October 22, 2014October 22, 2014 0 Comments
5 Questions to Ask Yourself Before Renting
Moving always involves planning and logistics. Most concerns come up after the new apartment lease is signed. But here are some questions you should ask to make apartment plans before you start apartment hunting:
- How Much Can You Spend on Rent?
Sit down with your budget and figure out what you’re willing to spend on rent for your new apartment. By setting this number first — and then sticking to it — you lessen the likelihood of going to a luxury apartment showcase, falling in love, and then either being disappointed when you have to let it go or feeling the squeeze of living beyond your means. Most cities have plenty of comfortable and affordable apartments, and you’ll be much happier in the long run if you only look within your chosen range.
- What’s Available in Your City?
It’s tempting to make this your first step. But browsing before setting your budget sets you up for failure. On the other hand, casually looking at the average standards for apartments in your price range will help you to recognize a good deal when you find it. You may be surprised by what you can afford. Since renting means that expensive appliances are often included, and you trade in big expenses associated with buying property (like a down payment and closing costs) for more moderate deposits, apartment living can make a luxurious lifestyle affordable. This is just one reason 35% of American adults live in rentals.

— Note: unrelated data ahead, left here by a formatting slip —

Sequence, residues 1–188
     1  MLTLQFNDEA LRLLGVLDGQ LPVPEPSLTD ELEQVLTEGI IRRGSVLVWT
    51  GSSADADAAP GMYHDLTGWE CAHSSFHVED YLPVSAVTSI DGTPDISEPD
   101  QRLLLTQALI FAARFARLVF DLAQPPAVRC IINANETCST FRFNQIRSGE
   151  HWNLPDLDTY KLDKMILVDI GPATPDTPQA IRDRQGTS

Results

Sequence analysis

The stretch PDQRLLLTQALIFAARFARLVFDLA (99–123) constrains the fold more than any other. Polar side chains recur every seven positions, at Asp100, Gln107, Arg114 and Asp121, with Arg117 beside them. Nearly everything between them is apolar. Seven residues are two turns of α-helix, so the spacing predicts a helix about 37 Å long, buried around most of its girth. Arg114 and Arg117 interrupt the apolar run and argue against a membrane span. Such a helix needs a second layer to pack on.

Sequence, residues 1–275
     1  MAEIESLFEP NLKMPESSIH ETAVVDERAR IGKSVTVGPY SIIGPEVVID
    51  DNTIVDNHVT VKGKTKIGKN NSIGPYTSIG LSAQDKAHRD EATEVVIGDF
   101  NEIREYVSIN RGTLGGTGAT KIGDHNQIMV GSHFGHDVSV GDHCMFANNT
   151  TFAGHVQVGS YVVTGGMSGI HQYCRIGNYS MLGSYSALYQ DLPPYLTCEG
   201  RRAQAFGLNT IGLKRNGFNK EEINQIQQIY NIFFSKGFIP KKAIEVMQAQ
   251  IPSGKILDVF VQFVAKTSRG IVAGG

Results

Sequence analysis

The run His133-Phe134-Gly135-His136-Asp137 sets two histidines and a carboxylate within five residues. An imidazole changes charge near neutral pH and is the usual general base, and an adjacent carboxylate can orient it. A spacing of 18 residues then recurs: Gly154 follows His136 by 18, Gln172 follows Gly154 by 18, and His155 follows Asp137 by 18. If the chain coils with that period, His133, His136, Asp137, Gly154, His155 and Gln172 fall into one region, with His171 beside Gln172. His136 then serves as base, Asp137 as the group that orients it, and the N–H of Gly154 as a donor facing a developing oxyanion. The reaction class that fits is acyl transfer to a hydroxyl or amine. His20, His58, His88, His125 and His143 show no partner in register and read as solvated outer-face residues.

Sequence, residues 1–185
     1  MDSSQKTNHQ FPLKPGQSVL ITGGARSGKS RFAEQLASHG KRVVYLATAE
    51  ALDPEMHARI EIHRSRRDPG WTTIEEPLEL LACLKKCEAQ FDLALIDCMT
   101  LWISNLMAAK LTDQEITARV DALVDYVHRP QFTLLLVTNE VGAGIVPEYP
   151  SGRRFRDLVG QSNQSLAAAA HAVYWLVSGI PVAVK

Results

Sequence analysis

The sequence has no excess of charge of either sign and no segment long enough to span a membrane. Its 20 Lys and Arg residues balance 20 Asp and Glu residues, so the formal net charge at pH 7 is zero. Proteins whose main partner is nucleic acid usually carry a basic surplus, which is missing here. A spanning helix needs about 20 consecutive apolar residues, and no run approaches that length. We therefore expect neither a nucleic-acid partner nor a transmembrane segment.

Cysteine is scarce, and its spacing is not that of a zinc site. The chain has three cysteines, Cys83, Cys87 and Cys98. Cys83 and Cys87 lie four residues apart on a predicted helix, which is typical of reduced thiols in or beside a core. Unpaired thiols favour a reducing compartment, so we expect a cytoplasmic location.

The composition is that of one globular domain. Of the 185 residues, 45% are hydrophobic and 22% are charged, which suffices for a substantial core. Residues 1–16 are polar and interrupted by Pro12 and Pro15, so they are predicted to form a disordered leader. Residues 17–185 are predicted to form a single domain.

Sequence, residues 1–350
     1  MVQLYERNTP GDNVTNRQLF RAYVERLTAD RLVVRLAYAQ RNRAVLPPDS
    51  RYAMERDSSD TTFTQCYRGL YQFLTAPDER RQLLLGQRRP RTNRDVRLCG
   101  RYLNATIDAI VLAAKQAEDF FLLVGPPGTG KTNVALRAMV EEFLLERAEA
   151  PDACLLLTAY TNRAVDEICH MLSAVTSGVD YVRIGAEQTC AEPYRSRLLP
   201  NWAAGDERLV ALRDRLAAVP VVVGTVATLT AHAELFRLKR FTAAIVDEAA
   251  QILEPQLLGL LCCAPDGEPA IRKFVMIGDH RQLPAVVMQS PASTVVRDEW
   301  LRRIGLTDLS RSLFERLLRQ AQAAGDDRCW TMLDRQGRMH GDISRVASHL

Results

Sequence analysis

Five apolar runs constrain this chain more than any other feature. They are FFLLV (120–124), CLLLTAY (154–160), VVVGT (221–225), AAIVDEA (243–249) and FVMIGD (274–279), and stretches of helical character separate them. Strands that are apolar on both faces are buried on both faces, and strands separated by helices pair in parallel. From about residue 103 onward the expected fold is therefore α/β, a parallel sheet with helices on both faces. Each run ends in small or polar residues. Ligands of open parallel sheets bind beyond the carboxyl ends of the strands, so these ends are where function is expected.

- How Much Will You Spend on Furnishings?
Come up with a rough estimate of how much cash you’ll have on hand to furnish your new place. Once you start going to apartment showings, always keep this number in mind as you assess each space. Try to imagine how your existing furniture and belongings would fit into the apartment, and don’t underestimate the costs of even moderate decorating efforts.
- How Will Your Pets Live?
If you’re planning on bringing your pets with you, think about all their needs. Is there grass? Are there pleasant walking paths or parks nearby? Is it close enough to your work that you’ll be able to stop by at lunch or between work and going out for the evening to take care of their needs?
- Do You Need Any Special Amenities?
In the weeks before you start apartment hunting, keep two lists of what aspects and amenities you want in your new place: one of non-negotiable features, and one of desirable features. Having this checklist in-hand will keep you from getting caught up by a beautiful place and not noticing that it doesn’t have the dishwasher or washing machine you really need. For example, think about whether you have any small children or elderly people in your family that have a limited ability to negotiate stairs. Or if you have young children, a bathtub — as opposed to a shower — might be a necessity. Both you and the rental company will be happier if you make your decision with a clear head.
Your apartment plans can’t account for everything, since moving always involves a certain amount of spontaneity. But by making adequate apartment plans, once you actually rent an apartment, you’ll be able to keep any surprises to a minimum and focus on enjoying your new home. Check out this website for more.